Respondents dissatisfied with the visa as assisting them into FT employment had four major issues;
* those on the two-year, not four, visa thought it was too short a time to win employer confidence, acquire work-experience, join professional bodies and/or get jobs
* employers do not understand the 485 visa and prefer applicants with permanent residency
* “lack of flexibility” for extending/renewing visa
* “lack of support from related stakeholders including continuing access to institutional career support services.”
Overall, Aspro Tran states; “Even though international graduates do not see the 485 visa as directly and immediately helping them secure a job, it gives them the benefits associated with ‘more time’ and opportunity to enhance their English language and professional, social, networking and residency capital.”
She adds; “findings also support an urgent call for universities to provide international graduates with continuing access to resources and career support to enhance their employability and employment outcomes.”
The price of research publishing isn’t set like it used to be
For-profit publisher Elsevier and the Netherlands universities association have agreed to extend their existing arrangement by six months – again.
The agreement ensures universities have access to 2500 journals while the publisher and peak research groups, discuss “how to work together on aspired future Dutch open science infrastructure services.” The Netherlands is keen on the European Research Council’s Plan S, which wants open access to research. Publishers think this is ok, if it is gold open access, which makes research free to read but pay to publish. However, in June the ERC says it will consider capping article publishing payments.
The new Netherlands-Elsevier extension continues the agreement to keep talking struck last December. It’s part of a change from the publishing industry’s old attitude, when its resources meant it set the terms for research publishing.
New stage in Indigenous health study
The largest and longest running health study of Indigenous Australians is collecting more data
The Menzies School of Health Research has commenced collecting data for a fifth wave of its Aboriginal Birth Health Cohort Study. The study started in 1987 with 686 people born that year in the Northern Territory. Participants have been checked every six-seven years for chronic disease, such as diabetes, kidney and heart disease, the study also includes mental health. A group of 196 non-Indigenous people are also in the survey. Gurmeet Singh is chief investigator.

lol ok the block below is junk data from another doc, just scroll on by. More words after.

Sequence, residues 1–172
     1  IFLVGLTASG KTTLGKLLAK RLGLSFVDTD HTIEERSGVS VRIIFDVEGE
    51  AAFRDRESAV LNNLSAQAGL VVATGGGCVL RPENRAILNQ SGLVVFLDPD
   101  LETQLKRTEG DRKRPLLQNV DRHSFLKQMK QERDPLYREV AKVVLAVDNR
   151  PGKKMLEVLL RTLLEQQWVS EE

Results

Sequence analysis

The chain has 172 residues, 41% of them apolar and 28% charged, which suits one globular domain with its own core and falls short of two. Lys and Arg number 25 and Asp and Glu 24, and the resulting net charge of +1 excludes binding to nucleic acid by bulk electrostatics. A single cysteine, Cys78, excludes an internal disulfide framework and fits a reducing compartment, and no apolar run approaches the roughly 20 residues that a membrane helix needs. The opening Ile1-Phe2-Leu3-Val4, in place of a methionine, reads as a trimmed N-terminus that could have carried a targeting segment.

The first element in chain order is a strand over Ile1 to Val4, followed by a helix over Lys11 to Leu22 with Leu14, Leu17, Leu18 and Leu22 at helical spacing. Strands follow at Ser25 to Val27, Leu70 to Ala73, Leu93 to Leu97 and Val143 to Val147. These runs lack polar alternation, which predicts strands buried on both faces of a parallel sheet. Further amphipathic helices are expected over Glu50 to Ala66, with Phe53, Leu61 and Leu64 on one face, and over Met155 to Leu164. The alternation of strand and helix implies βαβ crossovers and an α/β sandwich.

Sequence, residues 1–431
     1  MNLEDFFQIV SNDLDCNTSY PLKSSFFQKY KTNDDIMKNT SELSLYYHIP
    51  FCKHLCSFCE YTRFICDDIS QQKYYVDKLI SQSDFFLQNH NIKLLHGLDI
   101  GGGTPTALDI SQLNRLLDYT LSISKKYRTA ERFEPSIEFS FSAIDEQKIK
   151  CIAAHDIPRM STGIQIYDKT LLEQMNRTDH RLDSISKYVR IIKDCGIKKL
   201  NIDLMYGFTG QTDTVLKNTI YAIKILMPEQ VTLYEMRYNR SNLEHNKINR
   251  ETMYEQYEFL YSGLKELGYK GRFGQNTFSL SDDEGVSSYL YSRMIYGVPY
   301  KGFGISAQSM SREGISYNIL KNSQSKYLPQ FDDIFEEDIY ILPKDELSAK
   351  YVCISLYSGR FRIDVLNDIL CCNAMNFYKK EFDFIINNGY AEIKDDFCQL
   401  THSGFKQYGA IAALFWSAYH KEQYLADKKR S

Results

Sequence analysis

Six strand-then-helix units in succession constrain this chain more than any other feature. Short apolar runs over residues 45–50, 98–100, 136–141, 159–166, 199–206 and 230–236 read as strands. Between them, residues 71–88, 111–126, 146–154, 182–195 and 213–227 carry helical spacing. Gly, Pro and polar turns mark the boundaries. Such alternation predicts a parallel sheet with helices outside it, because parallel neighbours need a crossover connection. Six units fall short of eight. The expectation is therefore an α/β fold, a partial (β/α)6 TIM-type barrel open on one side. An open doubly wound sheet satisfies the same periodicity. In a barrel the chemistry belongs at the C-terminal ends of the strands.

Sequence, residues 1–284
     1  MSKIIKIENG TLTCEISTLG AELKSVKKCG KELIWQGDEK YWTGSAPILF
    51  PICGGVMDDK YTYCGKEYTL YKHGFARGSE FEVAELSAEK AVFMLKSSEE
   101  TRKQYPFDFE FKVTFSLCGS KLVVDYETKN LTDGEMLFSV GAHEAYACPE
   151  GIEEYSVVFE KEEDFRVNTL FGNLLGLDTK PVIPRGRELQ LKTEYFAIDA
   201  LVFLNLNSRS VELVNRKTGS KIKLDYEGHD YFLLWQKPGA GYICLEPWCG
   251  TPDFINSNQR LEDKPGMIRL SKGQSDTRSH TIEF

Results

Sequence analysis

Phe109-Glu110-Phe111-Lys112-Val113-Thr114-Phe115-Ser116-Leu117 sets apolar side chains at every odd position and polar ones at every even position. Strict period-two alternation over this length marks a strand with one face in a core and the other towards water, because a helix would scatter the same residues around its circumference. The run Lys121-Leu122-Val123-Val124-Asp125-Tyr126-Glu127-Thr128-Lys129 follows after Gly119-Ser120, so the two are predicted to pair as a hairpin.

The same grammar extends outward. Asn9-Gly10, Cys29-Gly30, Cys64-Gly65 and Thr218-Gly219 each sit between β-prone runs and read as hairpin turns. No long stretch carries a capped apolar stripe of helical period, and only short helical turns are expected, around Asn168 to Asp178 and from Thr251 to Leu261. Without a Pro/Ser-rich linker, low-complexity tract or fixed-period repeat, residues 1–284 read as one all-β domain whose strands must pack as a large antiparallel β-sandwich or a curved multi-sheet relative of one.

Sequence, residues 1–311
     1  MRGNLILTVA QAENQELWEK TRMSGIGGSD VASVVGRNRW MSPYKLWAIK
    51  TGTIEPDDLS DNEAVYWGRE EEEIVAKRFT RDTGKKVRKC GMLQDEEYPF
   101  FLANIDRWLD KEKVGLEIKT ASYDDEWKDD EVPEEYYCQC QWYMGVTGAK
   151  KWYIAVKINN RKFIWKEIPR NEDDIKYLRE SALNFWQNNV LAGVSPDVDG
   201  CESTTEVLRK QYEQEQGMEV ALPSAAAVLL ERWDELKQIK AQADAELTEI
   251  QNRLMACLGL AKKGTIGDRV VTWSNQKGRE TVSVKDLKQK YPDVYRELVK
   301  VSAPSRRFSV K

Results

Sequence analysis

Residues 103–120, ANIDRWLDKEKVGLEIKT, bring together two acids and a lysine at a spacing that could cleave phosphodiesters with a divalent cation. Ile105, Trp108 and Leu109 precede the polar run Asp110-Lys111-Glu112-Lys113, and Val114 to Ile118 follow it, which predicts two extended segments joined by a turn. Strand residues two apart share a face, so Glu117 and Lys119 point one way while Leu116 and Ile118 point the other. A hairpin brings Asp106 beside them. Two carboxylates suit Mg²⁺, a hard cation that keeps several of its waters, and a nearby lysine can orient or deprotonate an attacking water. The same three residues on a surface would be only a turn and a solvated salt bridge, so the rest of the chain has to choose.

Hazel Bateman (UNSW) is the inaugural president of the International Pension Research Association. Professor Bateman’s UNSW colleague John Piggott is a member of the association’s foundation board. Professor Bateman is also appointed director of academic strategy in the UNSW business school.
Denise Woods joins the University of the Sunshine Coast as PVC Students. She joins from CQU where she is an engaged research chair and director of the Centre for Regional Advancement of Learning.
Don Markwell is the next warden of St Marks College at the University of Adelaide, commencing in November. He is a former warden of Trinity College at the University of Melbourne and now leads St Paul’s at the University of Sydney. Dr Markwell was an adviser to Chris Pyne as education minister.
Hala Batainah (ex Microsoft) is the new chair of the Canberra Innovation Network, which supports start-ups and SMEs. ANU, Canberra Institute of Technology, CSIRO, Data61, Uni Canberra and UNSW Canberra are members.